child hearing speech test

Making the Case for Testing Soft Speech and Speech in Noise

Everyone with hearing loss complains about the ability to hear and understand in the presence of competing noise. Unfortunately, audiologists do not test in noise often, and pediatric audiologists test even less often.

 

Why doesn’t speech in  noise get tested?

 

Audiologists do the work we do to help people and we really do not want to upset them more than necessary, so we often don’t test in noise because we know that our patients will struggle and we don’t want to distress them. But, if we do not test in difficult conditions we rally cannot know when we need to change technology settings and help our patients develop realistic expectations.

If we want to know how a person is doing we absolutely need to test our patients ability to hear in difficult listening situations including soft speech (35 dBHL) and in competing noise.

 

Hearing soft speech

 

Children learn 90% of what they learn through incidental learning – by overhearing. If a child cannot easily hear soft speech how can we expect them to overhear? If a child has aided thresholds at 30 or 35 dB she will hear soft speech at a very soft level – like a whisper. This means she will miss most of what is said. Not good for learning!!

The goal is that soft speech be at a comfortably loud level. If thresholds are at 20-25 dB we can expect the child to be able to hear soft speech but if it is at a higher level the child will not hear soft speech.

 

Hearing in noise

 

Everyone agrees that the ability to hear in noise is critical. But we don’t all test it. Why? “It takes too much time” is not a good excuse. We need to know how our patients hear in noise.

Although the American Academy of Audiology recommends speech in noise testing, Beck and Benitz (2019) report that less than 15% of audiologists test in noise. We may not be able to do speech in noise testing for a 3 month old but once kids talk, and certainly with adults, we are able to do this testing. People with hearing loss need speech to be at least 8 dB louder than the background noise in order to repeat back 50% of the words. The noise should be 4 talker babble rather that speech noise, white noise, pink noise etc. They are not good representations of typical listening conditions.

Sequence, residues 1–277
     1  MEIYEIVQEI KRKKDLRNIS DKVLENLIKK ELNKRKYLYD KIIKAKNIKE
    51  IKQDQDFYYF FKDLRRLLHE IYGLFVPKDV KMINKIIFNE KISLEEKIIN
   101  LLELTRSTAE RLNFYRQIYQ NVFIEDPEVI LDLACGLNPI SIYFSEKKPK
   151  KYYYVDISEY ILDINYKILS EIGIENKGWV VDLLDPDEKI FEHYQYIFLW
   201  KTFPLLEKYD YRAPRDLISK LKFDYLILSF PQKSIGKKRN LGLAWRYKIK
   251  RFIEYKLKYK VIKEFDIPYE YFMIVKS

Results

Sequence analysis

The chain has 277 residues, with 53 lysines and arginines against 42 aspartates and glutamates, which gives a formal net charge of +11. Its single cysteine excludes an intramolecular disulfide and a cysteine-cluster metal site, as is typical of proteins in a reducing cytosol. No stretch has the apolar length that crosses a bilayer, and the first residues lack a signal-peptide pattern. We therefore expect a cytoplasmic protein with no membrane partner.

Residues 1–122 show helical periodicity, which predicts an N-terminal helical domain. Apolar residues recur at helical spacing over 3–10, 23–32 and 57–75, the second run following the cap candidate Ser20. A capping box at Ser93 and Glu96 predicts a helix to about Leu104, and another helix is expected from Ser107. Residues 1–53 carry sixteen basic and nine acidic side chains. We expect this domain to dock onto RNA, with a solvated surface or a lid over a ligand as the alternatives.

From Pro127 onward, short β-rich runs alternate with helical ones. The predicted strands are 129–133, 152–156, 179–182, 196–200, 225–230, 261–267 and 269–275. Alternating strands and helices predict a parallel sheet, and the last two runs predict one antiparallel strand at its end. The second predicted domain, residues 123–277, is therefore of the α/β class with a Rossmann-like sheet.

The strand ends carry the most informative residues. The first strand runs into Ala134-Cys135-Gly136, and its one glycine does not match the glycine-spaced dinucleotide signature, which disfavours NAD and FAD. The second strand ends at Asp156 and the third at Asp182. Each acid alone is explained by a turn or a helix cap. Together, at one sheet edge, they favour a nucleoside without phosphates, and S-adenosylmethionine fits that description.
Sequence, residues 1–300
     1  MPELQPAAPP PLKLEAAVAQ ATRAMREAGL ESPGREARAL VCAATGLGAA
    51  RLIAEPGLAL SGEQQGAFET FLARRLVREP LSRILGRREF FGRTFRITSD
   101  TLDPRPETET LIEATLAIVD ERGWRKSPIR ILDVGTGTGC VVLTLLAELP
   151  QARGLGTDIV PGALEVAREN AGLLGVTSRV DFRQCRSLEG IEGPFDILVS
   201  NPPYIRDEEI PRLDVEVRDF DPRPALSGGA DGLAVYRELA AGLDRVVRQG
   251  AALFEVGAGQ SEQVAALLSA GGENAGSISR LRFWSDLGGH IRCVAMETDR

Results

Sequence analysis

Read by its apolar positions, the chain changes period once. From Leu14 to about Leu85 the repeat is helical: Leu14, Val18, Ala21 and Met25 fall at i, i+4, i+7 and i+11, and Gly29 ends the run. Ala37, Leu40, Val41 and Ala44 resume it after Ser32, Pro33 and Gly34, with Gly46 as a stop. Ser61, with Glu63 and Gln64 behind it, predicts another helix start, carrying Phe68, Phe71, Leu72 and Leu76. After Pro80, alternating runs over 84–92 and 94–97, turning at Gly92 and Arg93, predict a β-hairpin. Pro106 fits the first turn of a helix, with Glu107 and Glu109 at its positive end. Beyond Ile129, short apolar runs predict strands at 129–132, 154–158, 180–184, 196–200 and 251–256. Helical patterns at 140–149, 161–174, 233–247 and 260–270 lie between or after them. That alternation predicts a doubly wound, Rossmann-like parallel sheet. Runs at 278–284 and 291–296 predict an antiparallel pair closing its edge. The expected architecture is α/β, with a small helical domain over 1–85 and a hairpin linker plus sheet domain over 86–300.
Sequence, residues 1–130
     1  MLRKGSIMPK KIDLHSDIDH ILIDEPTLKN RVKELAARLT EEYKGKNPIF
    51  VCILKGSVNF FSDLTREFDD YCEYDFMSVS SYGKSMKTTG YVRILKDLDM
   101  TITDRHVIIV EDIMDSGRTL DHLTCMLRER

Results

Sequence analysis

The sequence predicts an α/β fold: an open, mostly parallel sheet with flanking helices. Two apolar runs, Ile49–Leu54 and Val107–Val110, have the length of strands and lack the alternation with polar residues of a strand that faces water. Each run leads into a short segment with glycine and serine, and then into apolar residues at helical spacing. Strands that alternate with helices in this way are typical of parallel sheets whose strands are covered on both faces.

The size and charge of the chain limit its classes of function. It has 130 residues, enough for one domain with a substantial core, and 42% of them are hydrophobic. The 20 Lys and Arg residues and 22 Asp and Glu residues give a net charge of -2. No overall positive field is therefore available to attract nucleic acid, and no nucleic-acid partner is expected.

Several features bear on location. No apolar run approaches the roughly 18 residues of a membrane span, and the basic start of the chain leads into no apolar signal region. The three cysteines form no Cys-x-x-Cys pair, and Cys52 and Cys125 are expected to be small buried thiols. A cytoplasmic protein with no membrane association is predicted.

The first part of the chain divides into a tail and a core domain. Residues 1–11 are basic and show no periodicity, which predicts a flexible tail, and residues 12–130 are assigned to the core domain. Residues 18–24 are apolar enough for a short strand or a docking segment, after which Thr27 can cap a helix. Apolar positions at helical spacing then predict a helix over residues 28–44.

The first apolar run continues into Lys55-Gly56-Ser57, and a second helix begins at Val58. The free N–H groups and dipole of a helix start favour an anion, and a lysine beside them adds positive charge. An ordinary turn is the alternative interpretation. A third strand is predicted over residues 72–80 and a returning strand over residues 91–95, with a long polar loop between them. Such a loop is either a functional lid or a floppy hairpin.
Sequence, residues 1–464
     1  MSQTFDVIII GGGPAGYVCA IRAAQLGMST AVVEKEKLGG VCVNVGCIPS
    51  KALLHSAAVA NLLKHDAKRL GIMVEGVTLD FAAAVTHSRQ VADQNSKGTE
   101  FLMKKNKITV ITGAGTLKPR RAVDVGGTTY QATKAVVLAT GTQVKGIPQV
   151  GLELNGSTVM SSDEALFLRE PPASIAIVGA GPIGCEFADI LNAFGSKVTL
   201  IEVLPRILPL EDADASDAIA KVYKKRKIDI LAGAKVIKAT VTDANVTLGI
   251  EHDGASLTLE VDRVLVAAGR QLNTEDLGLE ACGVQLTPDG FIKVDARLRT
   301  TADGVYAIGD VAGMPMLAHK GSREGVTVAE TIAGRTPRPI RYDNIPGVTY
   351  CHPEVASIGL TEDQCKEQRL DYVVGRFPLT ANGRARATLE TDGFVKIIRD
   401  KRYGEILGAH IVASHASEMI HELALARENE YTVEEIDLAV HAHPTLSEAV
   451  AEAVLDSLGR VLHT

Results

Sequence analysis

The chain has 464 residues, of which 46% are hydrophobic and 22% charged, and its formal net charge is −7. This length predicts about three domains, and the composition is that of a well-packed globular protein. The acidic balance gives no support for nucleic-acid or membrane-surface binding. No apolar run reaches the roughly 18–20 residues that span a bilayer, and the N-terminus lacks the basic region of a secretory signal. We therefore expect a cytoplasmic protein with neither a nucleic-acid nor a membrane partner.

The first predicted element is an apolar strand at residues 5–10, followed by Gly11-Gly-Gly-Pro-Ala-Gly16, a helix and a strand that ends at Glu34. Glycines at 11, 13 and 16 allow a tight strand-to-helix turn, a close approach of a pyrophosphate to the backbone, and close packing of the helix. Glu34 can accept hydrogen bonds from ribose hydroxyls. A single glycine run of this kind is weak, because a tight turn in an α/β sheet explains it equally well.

Advice for families

 

You are your own best advocates. If your audiologist is not testing with the technology (hearing aids, CI’s, Baha’s, RM) ask her to do the testing. Ask for the following

  • Aided threshold testing with each piece of technology alone and with all those used together (eg. hearing aids and FM)
  • Speech perception in sound field with technology at normal conversational levels (50 dBHL) – right alone, left alone, binaural, binaural with FM
  • Speech perception in sound field with technology at soft conversational levels (35 dBHL) –binaural, binaural with FM
  • Speech perception in sound field with technology at normal conversational levels in competing noise (50 dBHL + 5 SNR) or SIN test –binaural, binaural with FM

 

What do we do with the information?

 

Only by testing in multiple conditions do we really get a good picture of how a child is hearing. Having this information will help determine if she is hearing well enough, and if not, help determine if we need to modify technology settings, change technology, or develop therapy programs.

Only with data can we fix problems. Kids can be stars only if we do our job well.

 

 

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About Jane Madell

Jane Madell has a consulting practice in pediatric audiology. She is an audiologist, speech-language pathologist, and LSLS auditory verbal therapist, with a BA from Emerson College and an MA and PhD from the University of Wisconsin. Her 45+ years experience ranges from Deaf Nursery programs to positions at the League for the Hard of Hearing (Director), Long Island College Hospital, Downstate Medical Center, Beth Israel Medical Center/New York Eye and Ear Infirmary as director of the Hearing and Learning Center and Cochlear Implant Center. Jane has taught at the University of Tennessee, Columbia University, Downstate Medical School, and Albert Einstein Medical School, published 5 books, and written numerous books chapters and journal articles, and is a well known international lecturer.

1 Comment

  1. Can the author provide specifics about tests that are commercially available? This seems very relevant to adult fitting as well!

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